At the last follow-up, 50 patients were alive, 47 had died, and one was lost to follow-up. In all, 34 patients presented with one or more tumour-related events: 27 with persistent or recurrent local disease, 13 with regional disease (four alone), and seven with distant metastases (three alone). At 5 years, actuarial LC was 71% (95% CI: 62–80%), actuarial DFS was 64% (95% CI: 54–74%) and overall survival was 64% (95% CI: 54–73%).
Immunostaining and clinical–pathological correlations
The distribution of the percentage of cells stained for the different factors studied is given in Table 2 . High expression was found in 51% of tumours for cyclin E, in 34% for cyclin D1, in 65% for p21, in 57% for p53 (Figure 1), and in 41% for Mib-1. Each factor was assessed for potential association with the following clinical–pathological parameters: age, sex, histological type, T category (T1–2/T3–4), N category (N0/N1–3), and tumour subsite. Except for an association of high Mib-1 with N1–3 category (P=0.004), no significant associations were found. On the other hand, assessment of the association between the different pathobiological factors showed a highly significant association of cyclin E with p21 expression (P<0.0001) and with p53 (P=0.014). A significant association of cyclin E with Mib-1 (P=0.008) and a trend towards an association with cyclin D1 expression (P=0.09) were also found. Moreover, a significant association was found between cyclin D1 and p53 (P<0.0001), while p21 expression was associated with Mib-1 expression (P=0.017). All the above associations were in the same direction and no significant inverse correlation was found.
Fig 1: Results of immunohistochemical staining for 1=cyclin D1, 2=cyclin E, 3=p21, and 4=p53 in anal carcinomas. A large-cell carcinoma ((A)=6561/77), a small cell type ((B)=17386/78), and a carcinoma of mixed type ((C)=7917/80) are illustrated.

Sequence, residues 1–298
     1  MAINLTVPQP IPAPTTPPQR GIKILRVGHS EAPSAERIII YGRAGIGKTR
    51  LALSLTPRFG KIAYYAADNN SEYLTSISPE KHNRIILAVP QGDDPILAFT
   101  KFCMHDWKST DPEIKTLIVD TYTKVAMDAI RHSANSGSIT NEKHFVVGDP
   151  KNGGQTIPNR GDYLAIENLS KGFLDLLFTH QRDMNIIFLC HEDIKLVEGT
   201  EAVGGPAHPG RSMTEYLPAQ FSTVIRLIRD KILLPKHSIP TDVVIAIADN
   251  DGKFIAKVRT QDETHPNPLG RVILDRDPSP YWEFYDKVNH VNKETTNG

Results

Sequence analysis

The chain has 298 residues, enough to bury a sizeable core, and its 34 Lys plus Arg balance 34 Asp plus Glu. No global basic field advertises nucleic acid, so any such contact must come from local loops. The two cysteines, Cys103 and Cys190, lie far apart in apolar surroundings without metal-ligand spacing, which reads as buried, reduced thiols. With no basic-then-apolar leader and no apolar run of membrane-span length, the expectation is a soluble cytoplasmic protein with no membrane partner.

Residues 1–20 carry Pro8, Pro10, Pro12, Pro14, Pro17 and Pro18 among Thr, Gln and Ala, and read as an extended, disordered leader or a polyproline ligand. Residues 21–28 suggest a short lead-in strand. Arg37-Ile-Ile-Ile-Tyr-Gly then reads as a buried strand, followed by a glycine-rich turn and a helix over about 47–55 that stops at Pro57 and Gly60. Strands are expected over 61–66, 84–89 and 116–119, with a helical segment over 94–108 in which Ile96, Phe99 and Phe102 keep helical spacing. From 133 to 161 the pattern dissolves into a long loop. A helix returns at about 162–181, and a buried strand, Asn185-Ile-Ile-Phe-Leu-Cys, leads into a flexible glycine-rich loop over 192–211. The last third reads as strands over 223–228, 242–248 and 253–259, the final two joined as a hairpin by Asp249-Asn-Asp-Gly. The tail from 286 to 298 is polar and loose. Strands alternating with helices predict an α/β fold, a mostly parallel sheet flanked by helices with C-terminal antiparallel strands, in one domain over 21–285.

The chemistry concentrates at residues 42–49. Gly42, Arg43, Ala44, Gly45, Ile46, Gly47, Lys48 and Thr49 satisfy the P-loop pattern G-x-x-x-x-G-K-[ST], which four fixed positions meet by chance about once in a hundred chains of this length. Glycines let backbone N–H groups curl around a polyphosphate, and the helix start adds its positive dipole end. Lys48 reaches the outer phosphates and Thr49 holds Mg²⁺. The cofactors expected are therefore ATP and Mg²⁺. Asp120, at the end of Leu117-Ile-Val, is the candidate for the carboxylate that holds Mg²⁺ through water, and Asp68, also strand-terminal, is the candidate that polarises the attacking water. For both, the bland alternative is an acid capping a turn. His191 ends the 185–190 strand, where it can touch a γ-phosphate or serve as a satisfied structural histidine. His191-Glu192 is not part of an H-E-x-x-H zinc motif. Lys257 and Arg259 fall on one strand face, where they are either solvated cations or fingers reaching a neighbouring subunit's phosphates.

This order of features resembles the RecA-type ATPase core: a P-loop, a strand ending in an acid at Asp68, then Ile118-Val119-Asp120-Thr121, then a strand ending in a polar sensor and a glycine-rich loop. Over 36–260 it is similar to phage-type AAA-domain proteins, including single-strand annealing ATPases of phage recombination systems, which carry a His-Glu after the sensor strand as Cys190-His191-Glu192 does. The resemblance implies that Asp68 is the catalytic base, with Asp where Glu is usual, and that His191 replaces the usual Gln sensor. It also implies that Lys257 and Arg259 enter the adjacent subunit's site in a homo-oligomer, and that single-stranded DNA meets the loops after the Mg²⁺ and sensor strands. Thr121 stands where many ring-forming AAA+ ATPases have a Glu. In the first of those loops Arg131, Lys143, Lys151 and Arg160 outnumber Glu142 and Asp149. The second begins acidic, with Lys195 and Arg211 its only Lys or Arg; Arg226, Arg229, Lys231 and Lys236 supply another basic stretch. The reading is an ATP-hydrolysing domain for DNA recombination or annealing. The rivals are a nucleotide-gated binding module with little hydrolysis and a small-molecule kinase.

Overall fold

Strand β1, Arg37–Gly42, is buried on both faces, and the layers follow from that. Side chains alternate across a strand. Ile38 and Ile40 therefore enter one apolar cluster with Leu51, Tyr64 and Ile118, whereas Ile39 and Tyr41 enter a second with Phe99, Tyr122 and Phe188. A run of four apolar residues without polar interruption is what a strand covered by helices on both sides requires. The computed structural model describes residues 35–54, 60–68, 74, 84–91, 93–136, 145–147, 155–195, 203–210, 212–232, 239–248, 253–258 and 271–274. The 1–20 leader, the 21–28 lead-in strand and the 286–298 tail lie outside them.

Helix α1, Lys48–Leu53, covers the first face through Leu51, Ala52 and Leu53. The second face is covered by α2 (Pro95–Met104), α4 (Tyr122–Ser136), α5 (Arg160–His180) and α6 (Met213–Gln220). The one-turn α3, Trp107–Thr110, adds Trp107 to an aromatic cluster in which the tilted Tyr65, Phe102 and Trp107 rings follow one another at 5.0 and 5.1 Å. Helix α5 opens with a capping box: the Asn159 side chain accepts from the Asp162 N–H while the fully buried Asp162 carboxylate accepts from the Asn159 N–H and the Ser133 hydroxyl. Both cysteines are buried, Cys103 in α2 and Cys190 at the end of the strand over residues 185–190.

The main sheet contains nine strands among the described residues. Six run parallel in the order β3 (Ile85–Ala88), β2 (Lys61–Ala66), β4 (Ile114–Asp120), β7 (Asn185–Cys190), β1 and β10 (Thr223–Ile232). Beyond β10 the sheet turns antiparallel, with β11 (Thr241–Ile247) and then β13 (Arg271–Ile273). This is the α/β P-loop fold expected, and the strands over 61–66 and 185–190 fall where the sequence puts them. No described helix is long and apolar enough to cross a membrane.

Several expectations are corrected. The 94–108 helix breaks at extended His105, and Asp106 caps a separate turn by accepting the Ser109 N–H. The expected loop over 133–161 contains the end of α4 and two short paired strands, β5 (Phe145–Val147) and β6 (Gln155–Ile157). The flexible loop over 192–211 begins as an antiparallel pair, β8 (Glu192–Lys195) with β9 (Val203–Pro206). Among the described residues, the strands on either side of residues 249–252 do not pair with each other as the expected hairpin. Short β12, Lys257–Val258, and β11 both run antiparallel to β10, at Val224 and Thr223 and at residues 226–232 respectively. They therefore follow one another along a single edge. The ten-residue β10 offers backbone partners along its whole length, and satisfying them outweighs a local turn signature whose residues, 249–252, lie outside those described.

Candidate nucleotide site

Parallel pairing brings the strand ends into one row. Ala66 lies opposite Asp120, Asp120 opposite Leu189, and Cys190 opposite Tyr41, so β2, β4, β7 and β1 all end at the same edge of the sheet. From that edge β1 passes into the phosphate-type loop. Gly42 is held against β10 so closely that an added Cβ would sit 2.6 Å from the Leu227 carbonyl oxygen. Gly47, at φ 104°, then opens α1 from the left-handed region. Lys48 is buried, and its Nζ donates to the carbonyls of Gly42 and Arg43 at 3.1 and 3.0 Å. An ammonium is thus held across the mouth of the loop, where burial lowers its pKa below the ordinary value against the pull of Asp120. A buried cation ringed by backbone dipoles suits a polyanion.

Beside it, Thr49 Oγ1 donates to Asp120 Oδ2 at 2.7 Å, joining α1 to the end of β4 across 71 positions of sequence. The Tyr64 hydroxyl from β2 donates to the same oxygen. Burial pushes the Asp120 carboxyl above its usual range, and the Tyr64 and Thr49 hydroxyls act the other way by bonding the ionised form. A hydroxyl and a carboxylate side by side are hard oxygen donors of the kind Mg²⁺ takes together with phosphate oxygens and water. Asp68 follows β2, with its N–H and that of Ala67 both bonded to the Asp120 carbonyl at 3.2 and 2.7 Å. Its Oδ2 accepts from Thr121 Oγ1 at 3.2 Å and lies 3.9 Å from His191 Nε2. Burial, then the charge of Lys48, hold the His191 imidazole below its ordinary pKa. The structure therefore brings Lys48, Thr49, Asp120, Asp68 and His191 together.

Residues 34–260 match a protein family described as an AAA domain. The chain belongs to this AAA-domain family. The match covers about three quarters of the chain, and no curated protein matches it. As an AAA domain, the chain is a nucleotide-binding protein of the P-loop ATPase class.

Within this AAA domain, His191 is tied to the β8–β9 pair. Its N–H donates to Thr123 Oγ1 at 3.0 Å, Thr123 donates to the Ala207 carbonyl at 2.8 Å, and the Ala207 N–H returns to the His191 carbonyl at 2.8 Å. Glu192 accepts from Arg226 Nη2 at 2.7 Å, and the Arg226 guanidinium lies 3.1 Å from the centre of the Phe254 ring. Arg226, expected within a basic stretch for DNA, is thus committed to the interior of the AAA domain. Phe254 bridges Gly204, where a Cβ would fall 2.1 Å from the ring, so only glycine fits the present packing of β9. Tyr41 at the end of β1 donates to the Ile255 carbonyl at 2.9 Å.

The results of the univariate analysis for LC and DFS using the expression of the different pathobiological factors studied, as well as the different clinical and therapeutic variables, are given in Table 3 . Advanced T and N categories, as well as longer OTT, were the only variables that correlated significantly with low rate of LC and DFS, while a trend for a significant correlation was observed for high p53 expression and low DFS rate (P=0.07). Since the main aim of the study was to correlate the expression of cyclin E, cyclin D1, and p21 with LC and DFS, and no significant association with these factors was found in the univariate analysis, a multivariate analysis was not carried out.
In an attempt to define subgroups with wide differences in outcome, we grouped patients according to the most significant variables. The impact of each factor was studied after using stratification by the other biological factors or by splitting by clinical factors. By combining the different biological factors, no particular subgroup was identified to be associated with LC or DFS. According to the clinical subgroups, in the N0 category, patients with high p21 expression had a trend for a significantly higher 5-year LC (87%) compared to the group having low p21 expression (68%) (P=0.07). A similar result was observed when studying DFS, with the respective rates of 80 and 63% (P=0.1). No clear correlation was observed when assessing the other combinations.
As in cervical cancer, there is strong evidence that HPV oncoproteins may be responsible for anal carcinogenesis. The ability of viral oncoproteins to subvert cell-cycle checkpoints may constitute a mechanism by which viral oncoproteins induce genetic instability. HPV 16 E6 and E7 disrupt cell-cycle checkpoints, particularly affecting by different mechanisms nearly all CDK inhibitors linked to the G1 and G2 checkpoints. The discovery that increased levels of cyclin D1 and cyclin E promote cell growth by shortening the G1 phase led to the postulation that overexpression of those cyclins is positively involved in carcinogenesis and possibly in clinical tumour aggressiveness. On the other hand, evidence that p21 protein binds to and inhibits CDK–cyclin complexes, resulting in cell-cycle arrest during the G1/S transition, was consistent with the hypothesis that overexpression of this protein may be associated with less aggressive tumours.